Reportage

Downtown shootout: Jamaica on edge

The country was on edge yesterday as rumours started lighting up, first on cellphones, and then the radio, of a shootout in Denham Town, West Kingston. The speculation was wild: had Jamaican security forces finally made a move for Christopher ‘Dudus’ Coke in neighbouring Tivoli Gardens?

Everyone was nervous. While we shrug at the daily list of fatal police-gunman shootouts, this was Tivoli. The worst ‘incursion’ by security forces had left 27 dead in 2001. Now of course, the United States wants to extradite Dudus, and removing him, likely by force, threatens a repeat of Mogadishu.

It’s this situation that should remind us how close we’ve been to the edge for a long, long time.

And yet we’re a ‘narco-state’, an island where politicians-criminals-businessman can at times be indistinguishable, except by public pretense. These few photographs were taken while FIRST was downtown today, and in the event, quickly. You’d find these images okay, in your community? Continue reading

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The Feed

Jim Brown is still dead, isn't he?

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Photograph: Busy Signal, Peter Dean Rickards

And so, it would seem, is Lester Lloyd Coke, as Jim Brown was identified in dozens of U.S. and Jamaican police files. Still, on walls all around Kingston, the graffiti say FREE JIM BROWN, the alias he rode to the top of the Jamaican capital’s drug -fueled slums. To his friends, Brown was a hero who rose above the despair of Jamaica’s ghettos.

In Kingston’s slums, he was a key enforcer for former prime minister Edward Seaga’s Jamaica Labor Party; Seaga himself called Brown the “protector” of Kingston’s poor, and helped lead the don dadda’s funeral. But to local police-who had tried, and failed, to pin 14 separate murder charges on him– Brown was the most influential of the city’s gangland bosses. When he mysteriously burned to death late last month in a maximum-security cell, Brown was within days of being extradited to face U.S. murder and drug-racketeering charges; suspicions ran high that he was silenced because he knew too much.

Guns swept into Jamaican ghetto politics in the mid-1970s. That is when Kingston’s worst slum areas—places with names like Concrete Jungle, Dunkirk, Trenchtown and Jim Brown’s own Tivoli Gardens-were carved into so-called “garrison constituencies,” controlled, Chicago style, by shifting hierarchies of local bosses for both leading parties. Jamaican involvement in the 1980s cocaine boom increased the power of the bosses.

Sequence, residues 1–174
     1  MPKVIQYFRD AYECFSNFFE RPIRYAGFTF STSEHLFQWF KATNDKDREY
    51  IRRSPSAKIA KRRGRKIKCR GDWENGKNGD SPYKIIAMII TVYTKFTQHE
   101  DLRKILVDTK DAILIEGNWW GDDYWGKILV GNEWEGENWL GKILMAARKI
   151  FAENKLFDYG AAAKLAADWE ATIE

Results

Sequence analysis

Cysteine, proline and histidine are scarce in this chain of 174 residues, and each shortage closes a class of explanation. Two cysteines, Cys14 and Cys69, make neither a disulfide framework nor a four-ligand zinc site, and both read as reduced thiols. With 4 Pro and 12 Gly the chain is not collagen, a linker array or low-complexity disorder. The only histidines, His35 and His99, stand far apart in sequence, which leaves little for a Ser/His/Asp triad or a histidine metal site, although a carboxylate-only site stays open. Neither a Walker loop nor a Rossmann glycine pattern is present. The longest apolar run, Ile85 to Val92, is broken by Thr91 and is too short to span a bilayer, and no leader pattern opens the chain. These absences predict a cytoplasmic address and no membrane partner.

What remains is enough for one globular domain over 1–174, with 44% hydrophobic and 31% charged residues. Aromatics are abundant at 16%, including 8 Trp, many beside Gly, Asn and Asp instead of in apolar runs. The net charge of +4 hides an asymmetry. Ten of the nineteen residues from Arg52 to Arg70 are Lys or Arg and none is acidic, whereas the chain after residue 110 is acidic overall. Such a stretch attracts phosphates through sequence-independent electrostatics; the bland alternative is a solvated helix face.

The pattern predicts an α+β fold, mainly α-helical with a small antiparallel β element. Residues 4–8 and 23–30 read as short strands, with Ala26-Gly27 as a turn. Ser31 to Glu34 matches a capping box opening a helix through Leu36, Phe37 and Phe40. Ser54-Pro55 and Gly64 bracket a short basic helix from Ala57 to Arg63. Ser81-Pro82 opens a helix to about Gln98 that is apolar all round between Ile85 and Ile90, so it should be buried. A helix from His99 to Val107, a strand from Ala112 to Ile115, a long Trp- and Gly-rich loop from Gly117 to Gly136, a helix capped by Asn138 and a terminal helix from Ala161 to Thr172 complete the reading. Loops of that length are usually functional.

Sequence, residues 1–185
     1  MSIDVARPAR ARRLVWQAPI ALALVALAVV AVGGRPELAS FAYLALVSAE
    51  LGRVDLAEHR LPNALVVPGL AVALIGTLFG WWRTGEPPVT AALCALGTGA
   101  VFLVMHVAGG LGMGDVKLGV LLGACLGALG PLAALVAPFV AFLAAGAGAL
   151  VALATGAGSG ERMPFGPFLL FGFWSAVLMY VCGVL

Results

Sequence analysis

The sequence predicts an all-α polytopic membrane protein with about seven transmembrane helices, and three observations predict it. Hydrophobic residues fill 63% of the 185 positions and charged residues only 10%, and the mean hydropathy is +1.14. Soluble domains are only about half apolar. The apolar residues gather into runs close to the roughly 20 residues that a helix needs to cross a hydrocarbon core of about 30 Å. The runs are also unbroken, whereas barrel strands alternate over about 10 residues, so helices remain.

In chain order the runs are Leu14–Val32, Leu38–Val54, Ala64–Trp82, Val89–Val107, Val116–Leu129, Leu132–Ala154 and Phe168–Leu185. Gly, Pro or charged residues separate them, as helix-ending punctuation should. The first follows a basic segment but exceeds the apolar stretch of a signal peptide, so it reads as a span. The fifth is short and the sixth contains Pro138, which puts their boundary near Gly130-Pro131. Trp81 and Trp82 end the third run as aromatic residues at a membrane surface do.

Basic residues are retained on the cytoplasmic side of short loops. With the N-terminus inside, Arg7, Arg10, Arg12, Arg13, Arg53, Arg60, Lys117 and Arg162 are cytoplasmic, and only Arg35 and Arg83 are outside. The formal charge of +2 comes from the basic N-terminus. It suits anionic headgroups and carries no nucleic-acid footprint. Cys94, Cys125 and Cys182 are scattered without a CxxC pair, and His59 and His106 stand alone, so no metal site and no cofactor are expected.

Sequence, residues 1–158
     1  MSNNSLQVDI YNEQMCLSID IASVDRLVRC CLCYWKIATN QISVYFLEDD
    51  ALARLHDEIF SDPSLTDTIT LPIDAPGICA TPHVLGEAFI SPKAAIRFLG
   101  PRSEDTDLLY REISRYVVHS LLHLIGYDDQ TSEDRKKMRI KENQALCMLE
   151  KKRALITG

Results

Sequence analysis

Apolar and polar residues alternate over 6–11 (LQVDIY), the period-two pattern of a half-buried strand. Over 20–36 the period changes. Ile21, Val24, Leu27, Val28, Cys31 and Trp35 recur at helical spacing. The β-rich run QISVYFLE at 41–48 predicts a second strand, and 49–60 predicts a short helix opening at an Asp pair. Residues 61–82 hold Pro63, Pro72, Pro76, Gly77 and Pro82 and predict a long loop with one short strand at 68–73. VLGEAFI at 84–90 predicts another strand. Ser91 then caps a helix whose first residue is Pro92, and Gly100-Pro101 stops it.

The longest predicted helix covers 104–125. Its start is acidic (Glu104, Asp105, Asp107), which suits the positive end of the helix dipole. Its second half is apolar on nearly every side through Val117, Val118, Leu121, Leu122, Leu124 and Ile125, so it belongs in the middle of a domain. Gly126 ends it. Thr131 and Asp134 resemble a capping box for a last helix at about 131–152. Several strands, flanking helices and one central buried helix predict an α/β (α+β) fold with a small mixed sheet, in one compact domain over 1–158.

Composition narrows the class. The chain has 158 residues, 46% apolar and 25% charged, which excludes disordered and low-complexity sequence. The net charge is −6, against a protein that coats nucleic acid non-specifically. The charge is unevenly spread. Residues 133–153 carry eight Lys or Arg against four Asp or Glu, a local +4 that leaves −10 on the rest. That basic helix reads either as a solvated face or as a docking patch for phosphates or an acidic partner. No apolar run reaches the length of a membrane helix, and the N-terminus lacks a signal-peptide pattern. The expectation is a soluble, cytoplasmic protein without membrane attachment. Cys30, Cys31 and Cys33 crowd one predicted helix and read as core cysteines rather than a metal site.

Read the rest of this article at Newsweek HERE

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Reportage

Death in Tivoli Gardens


Photography by Peter Dean Rickards

The pictures don’t say enough, there is blood splattered on the walls, there are holes through the windows and marrow on the floor, they are gruesome, but they are not enough. It is the smell that lingers, that which struck us most upon entering that house, that smell, like meat left for weeks in an unplugged freezer, these were human remains, it is the unmistakable stench of death.

It is oddly quiet in the community, despite the bustling traffic on its exterior, unsupervised children play games on the concrete and I wonder for a moment if this is the right place, then we draw closer. There are easily more than one hundred tiny bullet holes in the tin window on the top floor, but from a distance, on the outside the house looks like any other on its scheme, a two-storey wedged in between other two-stories. Inside it is a slaughterhouse, like something out of a movie I had never wanted to see, and I feel the temperature fall as I step inside out of the stifling Tivoli heat. Complete and total disarray, like a storm had blown through.

Sunday dinner remains seasoned and uncooked on the kitchen sink, and the flies watch as their larvae wriggle to life. There are pictures strewn all over the upstairs floor not far from the front page of The Outlook; even the dresser, the bedroom closet, a Styrofoam box has bullet holes, life has been interrupted here. The bloody, bullet-holed pillow sitting on top of what I assume had once been used as a dining table screams that this was no small effort – had they stripped him here, the one whose blooded, tattered jeans remain?

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Music, Video & Entertainment

Thursday Night at the Fights Main Event: Leo Versus Kong

So, after four weeks of wild entertainment at Kingston’s best kept secret, Thursday Night at the Fights, those who’ve been following the scores know that reigning champion Leo has been hard pressed to find a challenger. After he punched the chicken foot soup out of his last opponent a few weeks ago it appeared for a while that nobody seemed up to the task…until last night.

Enter Kong. A dangerous looking character with blood in his eyes, arriving by SUV and quickly escorted into the square by his ‘trainer’ at approximately 12:15 am.

The usual spectators suddenly found themselves scrambling for a better view as hundreds more caught word of the challenge and hurriedly made their way to ringside. Although Thursday Night at the Fights is never poorly attended, this was by far the largest turnout. People climbed higher up into trees and onto roofs as Leo’s crew started to make their way (with Vegas-like fanfare) through the thick crowd via the empty land to the back.

Wads of money appeared as the contenders’ respective camps haggled over the prize money, which had now reached a purse of J$40,000.

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